yes, because of our skin we often have to work harder and faster, but blogging is also a business model for brands so before investing in you they want to know how you will increase their brand name. i support tons of bloggers of colors. are all of their design templates and layouts nice. no? is their content original? often times not. this close< to becoming a six figure blogger and ALL she does is market affiliate fashion links. but she is bringing it like nobody else is doing!

    you have to be very strategic in how you market online no matter what. there is so much to learn that i cannot go into in one reply, but i'll say that many bloggers of color could benefit from social networking classes as well as blogging 101 and how to market online classes because things like that will open up your eyes to understanding this whole "blogging" thing on a deeper level. the internet is supreme. ANYONE can come online and make it, but the sad thing is, most won't because they think they know what they are doing when in reality they don't and are too proud to get the help they need which is beyond me.

    find someone you know who IS making money online, who's blog layout and design is nice, neat and coherent and see if they will do an aesthetic critic of your blog or see if they will mentor you. then implement what you are taught, trust me when i say it will CHANGE things.

  • okay, my comment was chopped and screwed! the last three paragraphs should read:

    yes, because of our skin we often have to work harder and faster, but blogging is also a business model for brands so before investing in you they want to know how you will increase their brand name. i support tons of bloggers of colors. are all of their design templates and layouts nice. no? is their content original? often times not. <– and even though most of us are blogging about the same thing – cause i mean, come one – fashion is fashion and hair is hair, i always ask myself "how is this blogger bringing it differently?" toyota and honda are both cars that sit on four wheels – what makes them different? and though i support many bloggers of color and will continue too, not many blogs have thought provoking content like clutch or even have a clean and organized aesthetic flow like the moptopmaven, to name a few. the budget fashionsita is a six figure blog run by a plus-sized black woman. there are a lot of factors at play here. as yoda would say: does not one rich make the affiliate program. so slapping up a couple of affiliate ad and links and praying for the best will not pay the bills.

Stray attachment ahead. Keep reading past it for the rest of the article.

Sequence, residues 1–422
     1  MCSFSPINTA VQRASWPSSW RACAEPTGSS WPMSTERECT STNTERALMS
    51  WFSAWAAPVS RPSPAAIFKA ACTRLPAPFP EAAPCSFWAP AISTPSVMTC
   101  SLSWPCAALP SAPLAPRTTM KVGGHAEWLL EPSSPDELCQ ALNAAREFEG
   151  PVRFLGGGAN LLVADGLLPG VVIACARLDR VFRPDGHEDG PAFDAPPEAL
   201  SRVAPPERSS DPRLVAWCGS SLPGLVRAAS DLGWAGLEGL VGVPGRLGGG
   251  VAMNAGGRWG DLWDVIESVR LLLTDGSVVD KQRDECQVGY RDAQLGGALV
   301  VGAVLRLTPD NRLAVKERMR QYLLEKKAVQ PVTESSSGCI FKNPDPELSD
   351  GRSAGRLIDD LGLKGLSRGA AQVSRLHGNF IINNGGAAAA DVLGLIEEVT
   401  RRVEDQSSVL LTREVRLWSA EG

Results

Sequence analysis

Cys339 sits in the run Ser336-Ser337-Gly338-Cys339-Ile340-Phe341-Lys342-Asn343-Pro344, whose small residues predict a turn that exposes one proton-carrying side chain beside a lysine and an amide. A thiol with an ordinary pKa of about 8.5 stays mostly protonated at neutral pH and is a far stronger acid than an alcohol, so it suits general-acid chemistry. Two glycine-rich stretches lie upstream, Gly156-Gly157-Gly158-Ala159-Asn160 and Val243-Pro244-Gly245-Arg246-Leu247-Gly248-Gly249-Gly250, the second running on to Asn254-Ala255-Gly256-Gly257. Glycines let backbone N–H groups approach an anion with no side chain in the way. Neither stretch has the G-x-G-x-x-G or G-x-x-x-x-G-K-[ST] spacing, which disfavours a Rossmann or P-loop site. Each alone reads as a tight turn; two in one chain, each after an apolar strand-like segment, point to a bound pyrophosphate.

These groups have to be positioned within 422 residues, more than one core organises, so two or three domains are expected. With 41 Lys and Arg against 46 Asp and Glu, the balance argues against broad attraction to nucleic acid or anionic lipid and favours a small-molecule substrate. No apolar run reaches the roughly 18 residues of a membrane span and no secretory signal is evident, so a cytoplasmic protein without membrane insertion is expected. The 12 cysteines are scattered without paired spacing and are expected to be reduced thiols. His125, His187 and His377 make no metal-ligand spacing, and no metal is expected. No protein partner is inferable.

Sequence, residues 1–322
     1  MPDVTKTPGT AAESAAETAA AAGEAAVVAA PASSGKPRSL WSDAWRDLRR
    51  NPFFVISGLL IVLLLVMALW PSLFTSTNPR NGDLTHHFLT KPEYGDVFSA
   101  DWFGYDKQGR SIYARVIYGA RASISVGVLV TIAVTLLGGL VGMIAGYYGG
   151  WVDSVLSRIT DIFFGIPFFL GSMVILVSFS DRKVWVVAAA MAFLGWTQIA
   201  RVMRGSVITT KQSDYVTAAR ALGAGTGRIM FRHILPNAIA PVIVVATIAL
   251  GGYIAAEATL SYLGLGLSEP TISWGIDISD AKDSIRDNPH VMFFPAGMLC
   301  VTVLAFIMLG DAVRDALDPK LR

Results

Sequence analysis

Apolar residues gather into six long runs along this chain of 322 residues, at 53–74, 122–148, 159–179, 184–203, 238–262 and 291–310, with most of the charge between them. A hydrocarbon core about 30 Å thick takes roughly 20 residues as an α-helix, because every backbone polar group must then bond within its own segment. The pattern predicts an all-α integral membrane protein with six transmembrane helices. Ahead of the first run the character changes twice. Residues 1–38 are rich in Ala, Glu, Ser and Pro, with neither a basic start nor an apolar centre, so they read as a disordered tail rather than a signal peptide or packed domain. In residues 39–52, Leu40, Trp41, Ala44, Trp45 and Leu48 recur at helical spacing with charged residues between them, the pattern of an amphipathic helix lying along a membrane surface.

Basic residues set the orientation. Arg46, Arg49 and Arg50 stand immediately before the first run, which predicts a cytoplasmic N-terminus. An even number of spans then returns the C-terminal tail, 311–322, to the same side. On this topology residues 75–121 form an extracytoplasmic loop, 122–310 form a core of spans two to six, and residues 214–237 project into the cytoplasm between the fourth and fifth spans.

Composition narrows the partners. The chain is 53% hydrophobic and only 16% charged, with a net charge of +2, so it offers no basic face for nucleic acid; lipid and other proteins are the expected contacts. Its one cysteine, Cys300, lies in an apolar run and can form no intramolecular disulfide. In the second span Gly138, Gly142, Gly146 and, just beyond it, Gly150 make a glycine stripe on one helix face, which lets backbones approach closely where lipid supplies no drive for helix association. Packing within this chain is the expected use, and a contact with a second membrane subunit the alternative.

i did say that this was a valid question and agree with bettyboop that the industry is very narrow and one note. i think if we stay on our grinds and continue to work for originality and bring forward flowing and cohesive content, then in addition to reaping the rewards – whatever that may be for one – we may also start seeing changes when it comes to advertising and if we don't, we can voice even louder that this could be perhaps what some see as borderline discrimination. but before you yell make sure you are bringing it.

    ADDITIONAL COMMENTS: